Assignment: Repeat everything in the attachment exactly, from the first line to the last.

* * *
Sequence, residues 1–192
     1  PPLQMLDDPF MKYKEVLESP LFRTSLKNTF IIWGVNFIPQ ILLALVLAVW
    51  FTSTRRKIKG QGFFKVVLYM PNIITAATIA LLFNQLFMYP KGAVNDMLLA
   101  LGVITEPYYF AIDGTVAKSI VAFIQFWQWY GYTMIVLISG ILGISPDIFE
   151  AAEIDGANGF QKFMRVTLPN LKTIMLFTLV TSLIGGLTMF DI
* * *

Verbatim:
Sequence, residues 1–192
     1  PPLQMLDDPF MKYKEVLESP LFRTSLKNTF IIWGVNFIPQ ILLALVLAVW
    51  FTSTRRKIKG QGFFKVVLYM PNIITAATIA LLFNQLFMYP KGAVNDMLLA
   101  LGVITEPYYF AIDGTVAKSI VAFIQFWQWY GYTMIVLISG ILGISPDIFE
   151  AAEIDGANGF QKFMRVTLPN LKTIMLFTLV TSLIGGLTMF DI